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School report cards: Skinner North, Northside Prep take top spots in city

L-R are : Assistant Principal Katie MagnusPaige Prather 3rd grade class ErMaginSkinner North Classical School Chicago. | Al Podgorski~Chicago Sun-Times

L-R are : Assistant Principal Katie Magnuson and Paige Prather in the 3rd grade class of Erin Magina at Skinner North Classical School in Chicago. | Al Podgorski~Chicago Sun-Times

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2012 Illinois school report cards: Find your school
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Updated: December 1, 2012 6:08AM



Chicago Public Schools claimed eight of the 10 highest-scoring elementary schools in the state this year by adding Skinner North Classical, a relatively new school for smart kids, to the elite ranks.

In DuPage County, Hinsdale District 181 batted a clean sweep, with all seven of its elementaries and both of its middle schools ranking within the state’s top 100.

And in Will County, Lincoln-Way District 210 earned the distinction of placing all four of its high schools among the 100 highest-scoring in the state.

Those are some of the results of a Chicago Sun-Times analysis of state achievement test data released across the state Wednesday. The analysis reflects the average scores of students within schools, rather than the percent passing state standards — a bar even state education officials concede is too low for grades three through eight.

The annual release of data from district and public school State Report Cards comes as State Supt. Christopher Koch once again spotlighted the nagging “disconnect’’ between the Illinois Standards Achievement Test, passed by 82 percent of students in grades three through eight, and the Prairie State Achievement Exam, passed by only 51.2 percent of high school juniors.

“Certainly it has been a longstanding problem and one we’ve heard about from schools for years,’’ Koch said. “This disconnect has led folks to have low expectations.’’

‘A lot of potential’

The Sun-Times analysis of results from tests taken this past spring show Chicago, with 87 percent of its students from low-income households, once again claimed some of the best and many of the worst-scoring schools in the state

Led largely by the district’s selective-enrollment and magnet schools, Chicago grabbed 13 of the state’s top-50 elementary spots — but also 38 of the bottom 50.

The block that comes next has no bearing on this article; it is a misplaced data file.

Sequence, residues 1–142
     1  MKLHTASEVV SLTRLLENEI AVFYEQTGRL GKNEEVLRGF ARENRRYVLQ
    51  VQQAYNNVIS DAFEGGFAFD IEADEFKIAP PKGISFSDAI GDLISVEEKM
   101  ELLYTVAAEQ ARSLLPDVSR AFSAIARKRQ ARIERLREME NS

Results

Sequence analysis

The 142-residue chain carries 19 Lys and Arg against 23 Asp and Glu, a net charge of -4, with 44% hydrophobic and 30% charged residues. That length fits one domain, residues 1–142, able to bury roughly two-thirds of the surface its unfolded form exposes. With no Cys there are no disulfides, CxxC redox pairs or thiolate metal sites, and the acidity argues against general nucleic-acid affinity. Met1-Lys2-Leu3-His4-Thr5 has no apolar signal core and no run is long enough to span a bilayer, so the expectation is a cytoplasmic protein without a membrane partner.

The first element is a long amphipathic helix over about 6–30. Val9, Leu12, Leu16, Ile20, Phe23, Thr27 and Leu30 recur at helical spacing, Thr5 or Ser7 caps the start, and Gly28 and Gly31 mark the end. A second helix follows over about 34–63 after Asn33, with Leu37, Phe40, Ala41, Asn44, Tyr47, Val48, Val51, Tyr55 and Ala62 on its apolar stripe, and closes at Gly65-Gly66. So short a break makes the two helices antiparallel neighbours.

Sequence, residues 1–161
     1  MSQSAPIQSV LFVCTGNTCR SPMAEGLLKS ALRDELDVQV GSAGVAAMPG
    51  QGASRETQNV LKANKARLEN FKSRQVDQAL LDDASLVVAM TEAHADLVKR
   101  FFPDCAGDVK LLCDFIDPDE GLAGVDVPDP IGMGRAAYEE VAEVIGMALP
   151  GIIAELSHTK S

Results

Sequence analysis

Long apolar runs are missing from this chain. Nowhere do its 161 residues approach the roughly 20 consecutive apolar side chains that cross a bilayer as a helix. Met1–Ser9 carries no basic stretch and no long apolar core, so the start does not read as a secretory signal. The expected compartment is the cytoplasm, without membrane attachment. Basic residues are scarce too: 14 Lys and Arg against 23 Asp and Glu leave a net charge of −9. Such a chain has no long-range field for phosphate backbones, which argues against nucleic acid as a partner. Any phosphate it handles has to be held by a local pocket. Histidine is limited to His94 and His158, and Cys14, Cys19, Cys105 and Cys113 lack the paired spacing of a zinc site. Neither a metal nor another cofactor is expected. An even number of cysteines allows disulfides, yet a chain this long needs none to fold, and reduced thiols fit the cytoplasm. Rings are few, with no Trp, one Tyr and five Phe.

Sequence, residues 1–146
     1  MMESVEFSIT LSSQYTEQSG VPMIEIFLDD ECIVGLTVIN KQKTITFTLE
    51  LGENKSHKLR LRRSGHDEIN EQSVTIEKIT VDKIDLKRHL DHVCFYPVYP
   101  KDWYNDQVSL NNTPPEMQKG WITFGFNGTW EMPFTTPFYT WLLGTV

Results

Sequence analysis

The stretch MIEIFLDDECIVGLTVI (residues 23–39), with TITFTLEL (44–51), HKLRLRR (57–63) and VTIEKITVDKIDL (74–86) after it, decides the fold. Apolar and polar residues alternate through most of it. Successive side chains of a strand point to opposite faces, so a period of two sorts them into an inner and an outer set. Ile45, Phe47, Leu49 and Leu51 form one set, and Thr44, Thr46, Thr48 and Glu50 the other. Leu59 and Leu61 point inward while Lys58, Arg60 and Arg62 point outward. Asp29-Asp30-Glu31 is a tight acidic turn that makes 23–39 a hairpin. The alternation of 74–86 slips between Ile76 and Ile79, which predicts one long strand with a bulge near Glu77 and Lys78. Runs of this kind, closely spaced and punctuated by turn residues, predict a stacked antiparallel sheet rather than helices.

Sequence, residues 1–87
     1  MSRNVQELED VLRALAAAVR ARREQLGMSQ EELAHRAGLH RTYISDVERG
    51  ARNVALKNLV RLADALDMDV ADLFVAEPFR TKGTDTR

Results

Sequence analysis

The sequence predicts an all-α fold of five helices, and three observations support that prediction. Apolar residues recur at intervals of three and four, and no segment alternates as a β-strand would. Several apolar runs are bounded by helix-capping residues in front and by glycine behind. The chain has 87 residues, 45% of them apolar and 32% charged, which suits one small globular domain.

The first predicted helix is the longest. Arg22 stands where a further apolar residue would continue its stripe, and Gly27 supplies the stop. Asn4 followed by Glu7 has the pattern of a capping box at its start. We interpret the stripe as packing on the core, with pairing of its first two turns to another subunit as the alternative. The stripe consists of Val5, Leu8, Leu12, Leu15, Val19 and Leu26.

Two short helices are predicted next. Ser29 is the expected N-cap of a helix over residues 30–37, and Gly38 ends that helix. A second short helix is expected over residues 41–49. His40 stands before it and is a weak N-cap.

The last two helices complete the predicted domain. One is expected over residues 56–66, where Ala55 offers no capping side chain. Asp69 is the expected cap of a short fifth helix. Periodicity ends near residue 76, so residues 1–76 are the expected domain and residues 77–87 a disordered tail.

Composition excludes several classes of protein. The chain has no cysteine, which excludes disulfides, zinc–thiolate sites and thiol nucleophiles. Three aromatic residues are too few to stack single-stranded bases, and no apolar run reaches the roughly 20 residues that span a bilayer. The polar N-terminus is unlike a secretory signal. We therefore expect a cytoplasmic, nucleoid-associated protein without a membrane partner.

For its middle-grade performance, Chicago claimed 19 of the top 50 — and 34 of the bottom 50. And among the state’s high schools, Chicago rated five of the top 50, but 42 of the bottom 50.

Chicago’s Northside College Prep, which bases admissions on tests, continued to hold the No. 1 high school spot in the state, with Winnetka’s New Trier Township High School claiming the top suburban spot — and No. 4 statewide.

New to the top-10 elementary fold was No. 1 Skinner North Classical, which opened four years ago in the shadow of the Cabrini-Green housing development as a Chicago classical school that bases all admissions on tests. It topped its sister school, No. 7 Skinner West, which is slowly converting to a partially selective, partially neighborhood school.

However, Skinner North Classical’s ranking was based on the average score of about 60 students in grades three and four — only one classroom per grade, while Skinner West’s ranking is based on far more classrooms, in grades three through five.

Since its opening four years ago, Skinner North Classical, near Division and Halsted, has attracted students from as far north as Jefferson Park and as far south as Beverly, said Principal Ethan Netterstrom.

In 2011, when Skinner’s first crop of kids grew old enough to take a statewide test, 100 percent of them not just met state standards, all 30 or so of them hit the much higher “exceeded” mark in both third-grade reading and third-grade math, Netterstrom said.

“Kids come in with a lot of potential, and our teachers really tap into that and help foster their achievement and growth,’’ Netterstrom said.

In 2012, Skinner’s second crop of third-graders also passed all their ISATs, but only 96.7 percent of them “exceeded’’ in reading — a still-enviable number. That “exceeds’’ dip came even though the school was among 13 Chicago public schools to “pioneer” a longer day last school year.